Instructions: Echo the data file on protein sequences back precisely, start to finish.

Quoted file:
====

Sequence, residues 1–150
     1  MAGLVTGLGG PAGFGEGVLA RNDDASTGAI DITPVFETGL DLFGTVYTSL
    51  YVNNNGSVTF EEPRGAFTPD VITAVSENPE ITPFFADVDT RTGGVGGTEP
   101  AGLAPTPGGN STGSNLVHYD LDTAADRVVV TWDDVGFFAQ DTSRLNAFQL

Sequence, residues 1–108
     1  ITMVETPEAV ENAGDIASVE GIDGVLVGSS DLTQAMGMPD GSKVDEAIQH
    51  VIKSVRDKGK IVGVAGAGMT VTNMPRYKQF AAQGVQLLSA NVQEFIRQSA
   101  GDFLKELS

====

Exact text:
Sequence, residues 1–150
     1  MAGLVTGLGG PAGFGEGVLA RNDDASTGAI DITPVFETGL DLFGTVYTSL
    51  YVNNNGSVTF EEPRGAFTPD VITAVSENPE ITPFFADVDT RTGGVGGTEP
   101  AGLAPTPGGN STGSNLVHYD LDTAADRVVV TWDDVGFFAQ DTSRLNAFQL

Sequence, residues 1–108
     1  ITMVETPEAV ENAGDIASVE GIDGVLVGSS DLTQAMGMPD GSKVDEAIQH
    51  VIKSVRDKGK IVGVAGAGMT VTNMPRYKQF AAQGVQLLSA NVQEFIRQSA
   101  GDFLKELS